“There are scenarios where any negative impact can be quickly overcome, which can make refinancing a mortgage a good idea from a credit standpoint,” says Opperman.

  • Give yourself 45 days. Under the new FICO credit model, any hard credit inquiries made within 45 days are treated as one inquiry for scoring purposes. So even if you’re getting quotes from multiple lenders, your credit will only take one hit as long as you limit your comparison shopping to a 45-day window.
  • Check your credit before. Check your credit score yourself at well before refinancing, Opperman recommends — rather than discover the number after a lender runs a hard inquiry. “Once you know your score, you can work to improve it,” says Opperman.
  • Get an initial quote from lenders. Only hard credit inquiries affect your score — “soft pulls,” which go into less background, don’t. So you can ask refinance lenders to give you a preliminary quote based on one of these soft pulls, which tells them your credit score without actually pulling your full credit history. “Once you’ve narrowed the field down a bit, you can let the last few lenders do a full credit check and formally offer you a new loan,” says Opperman.
  • Leave your credit alone. Aside from paying off outstanding balances, avoid making any big changes where your credit is concerned during the refinancing process. “Don’t buy a new car, get a new credit card or do anything that could impact your credit score while working toward your new mortgage,” says Opperman. If you do pay off a card, hold off on closing the account, as that could shorten your credit history length and hurt your score.
  • Make timely payments on other debt. This is a time to be extra diligent about managing your other debt, from car loans to credit cards to your existing mortgage. Make sure no payments get lost in the shuffle as you apply for your refinance. You don’t want any sort of missed or delinquent notices showing up on your record at this point.

Next steps to refinance your mortgage

Once you’ve made a plan for how to protect your credit during the refinancing process, there are a few steps you can take to help land the best refinance rate and terms:

  1. Carefully consider “no-cost” or “zero-cost” refinance offers: A no-closing-cost refinance spares you a lot of immediate expenses for various fees. But it can mean paying more in the long run since the lack of these upfront costs is usually in exchange for a higher interest rate.
  2. Request a range of rates: When gathering initial quotes, you should consider asking the lenders for a range and/or for different scenarios: if you were to pay discount points, get a smaller loan, etc. That can help you in shopping around and give you a sense of different options and the lender’s flexibility.
  3. Explore government loan refis: If your credit is in rough shape, government-backed options like FHA loans and VA loans may still make it possible for you to refinance, as their lending criteria are often more lenient. However, your existing mortgage must be with one of these agencies; they won’t refinance conventional loans.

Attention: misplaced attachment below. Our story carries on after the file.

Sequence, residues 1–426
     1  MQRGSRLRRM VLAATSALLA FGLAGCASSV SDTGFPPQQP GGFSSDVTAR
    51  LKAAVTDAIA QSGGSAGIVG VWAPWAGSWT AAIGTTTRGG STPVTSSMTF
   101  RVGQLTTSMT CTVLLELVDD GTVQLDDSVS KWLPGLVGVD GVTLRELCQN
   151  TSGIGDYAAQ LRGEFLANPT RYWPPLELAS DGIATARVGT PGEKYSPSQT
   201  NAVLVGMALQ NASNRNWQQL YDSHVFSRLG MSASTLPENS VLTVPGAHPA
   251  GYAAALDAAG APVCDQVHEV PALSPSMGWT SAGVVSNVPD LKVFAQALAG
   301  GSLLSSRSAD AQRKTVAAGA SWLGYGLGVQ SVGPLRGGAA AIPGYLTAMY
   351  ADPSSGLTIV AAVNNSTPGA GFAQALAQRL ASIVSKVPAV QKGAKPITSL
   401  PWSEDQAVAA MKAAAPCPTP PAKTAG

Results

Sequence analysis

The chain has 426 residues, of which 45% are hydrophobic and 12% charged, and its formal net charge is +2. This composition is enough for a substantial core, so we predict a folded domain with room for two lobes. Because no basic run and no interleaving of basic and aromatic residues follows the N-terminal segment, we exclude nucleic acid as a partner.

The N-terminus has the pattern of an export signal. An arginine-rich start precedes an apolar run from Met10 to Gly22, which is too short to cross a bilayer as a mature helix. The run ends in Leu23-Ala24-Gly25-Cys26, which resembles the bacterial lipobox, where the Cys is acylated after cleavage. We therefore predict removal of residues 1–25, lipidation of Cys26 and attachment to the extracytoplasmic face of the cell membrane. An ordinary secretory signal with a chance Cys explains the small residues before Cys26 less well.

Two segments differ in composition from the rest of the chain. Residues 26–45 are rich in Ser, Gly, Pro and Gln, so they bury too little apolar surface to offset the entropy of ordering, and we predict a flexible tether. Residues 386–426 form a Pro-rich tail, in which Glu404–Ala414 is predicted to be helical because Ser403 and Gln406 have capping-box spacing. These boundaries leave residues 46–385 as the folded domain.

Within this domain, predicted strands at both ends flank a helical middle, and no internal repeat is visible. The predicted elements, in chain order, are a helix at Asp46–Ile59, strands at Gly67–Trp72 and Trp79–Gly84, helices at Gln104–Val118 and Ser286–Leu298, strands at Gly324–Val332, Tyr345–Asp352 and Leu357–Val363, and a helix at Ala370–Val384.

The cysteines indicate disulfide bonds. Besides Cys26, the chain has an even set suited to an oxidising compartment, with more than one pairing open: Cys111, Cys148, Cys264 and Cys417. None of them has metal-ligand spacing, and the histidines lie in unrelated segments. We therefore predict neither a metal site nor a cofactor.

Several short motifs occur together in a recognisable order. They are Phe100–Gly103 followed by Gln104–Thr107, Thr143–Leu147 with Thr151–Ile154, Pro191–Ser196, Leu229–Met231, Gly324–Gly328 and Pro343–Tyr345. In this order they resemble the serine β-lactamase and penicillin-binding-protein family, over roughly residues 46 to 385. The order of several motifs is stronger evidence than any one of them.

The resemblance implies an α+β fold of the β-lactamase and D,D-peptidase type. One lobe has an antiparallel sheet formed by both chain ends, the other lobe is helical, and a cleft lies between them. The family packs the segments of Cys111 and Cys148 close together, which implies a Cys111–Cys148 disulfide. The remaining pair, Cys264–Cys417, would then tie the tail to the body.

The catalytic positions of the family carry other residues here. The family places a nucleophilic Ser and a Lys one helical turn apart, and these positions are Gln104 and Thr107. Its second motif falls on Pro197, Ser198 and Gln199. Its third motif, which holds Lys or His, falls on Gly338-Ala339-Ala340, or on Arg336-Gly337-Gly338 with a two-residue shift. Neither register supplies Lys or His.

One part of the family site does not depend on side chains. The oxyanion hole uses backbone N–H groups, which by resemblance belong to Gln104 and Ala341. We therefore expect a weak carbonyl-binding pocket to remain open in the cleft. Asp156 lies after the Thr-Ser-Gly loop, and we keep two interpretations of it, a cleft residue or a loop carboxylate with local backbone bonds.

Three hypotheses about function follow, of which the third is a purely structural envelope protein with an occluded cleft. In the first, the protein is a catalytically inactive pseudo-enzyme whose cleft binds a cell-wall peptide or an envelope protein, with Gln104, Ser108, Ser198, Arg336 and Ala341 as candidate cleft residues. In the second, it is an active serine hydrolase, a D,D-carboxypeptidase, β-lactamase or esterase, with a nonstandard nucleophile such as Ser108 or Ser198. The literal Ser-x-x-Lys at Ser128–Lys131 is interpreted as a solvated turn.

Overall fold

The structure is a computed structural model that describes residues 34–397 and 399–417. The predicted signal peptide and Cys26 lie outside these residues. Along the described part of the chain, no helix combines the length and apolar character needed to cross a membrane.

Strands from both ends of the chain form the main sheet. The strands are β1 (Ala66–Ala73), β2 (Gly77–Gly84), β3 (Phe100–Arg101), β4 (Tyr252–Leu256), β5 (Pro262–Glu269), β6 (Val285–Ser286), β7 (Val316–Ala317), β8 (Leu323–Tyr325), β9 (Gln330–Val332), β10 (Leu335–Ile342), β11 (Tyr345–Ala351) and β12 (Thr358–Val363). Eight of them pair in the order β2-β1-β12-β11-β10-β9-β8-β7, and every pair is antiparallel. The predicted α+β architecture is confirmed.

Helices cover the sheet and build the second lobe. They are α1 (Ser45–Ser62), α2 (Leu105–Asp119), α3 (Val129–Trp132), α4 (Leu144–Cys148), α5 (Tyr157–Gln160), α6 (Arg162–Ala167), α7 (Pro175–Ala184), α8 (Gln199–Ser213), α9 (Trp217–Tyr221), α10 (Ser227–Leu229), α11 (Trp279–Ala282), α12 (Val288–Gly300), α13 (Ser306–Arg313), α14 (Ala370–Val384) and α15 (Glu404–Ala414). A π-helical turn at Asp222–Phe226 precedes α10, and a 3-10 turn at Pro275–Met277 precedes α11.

4. Use APR to compare offers: The annual percentage rate (APR) on a refinance offer reflects the true cost of the loan — including fees — and can provide a more accurate basis for comparing offers.
  5. Consider your reasons for refinancing: Ask yourself what your goals are for refinancing your mortgage. Ideally, the long-term gains of refinancing would outweigh any short-term blemishes to your credit.

Remember: Soft credit checks don’t affect your credit score and you might be able to explore refi rates with just a soft check. But a hard check — which will happen if you move forward with the formal application process — will result in a credit score drop after refinance.

FAQ about mortgage refinancing and your credit

  • The number of times you refinance your mortgage shouldn’t do any compounding damage to your credit when you wait at least one year before you refinance again. This will make it so that the new round of credit inquiries won’t accumulate with the first time you refinanced, Opperman says. “Ultimately, the main reason not to refinance too often isn’t your credit score; it’s simply how expensive refinancing is, and how long it takes to recoup the savings you might get on your mortgage payment.”

    It’s worth noting that if your credit score was in good shape when you got your mortgage or after your last refinance, and it’s remained that way, you should be able to get a good rate again. Of course, you’ll want to make sure interest rates have stayed steady or, better yet, gone down in the meantime. If rates are on the rise, it’s usually not the best time for a refinance.
  • Typically, your credit score begins to increase sometime between a few months and a year after refinancing. However, evidence of the lender’s credit check stays on your report for two years.
  • Usually, lenders will check your credit twice when refinancing: once when you formally apply for the new mortgage — to determine what APR to give you, based on your borrower profile — and again right before the closing, to make sure nothing has changed in the interim. If you can complete your refi process in 45 days or less, though, those inquiries get bundled together, helping to minimize your credit score drop after the refinance.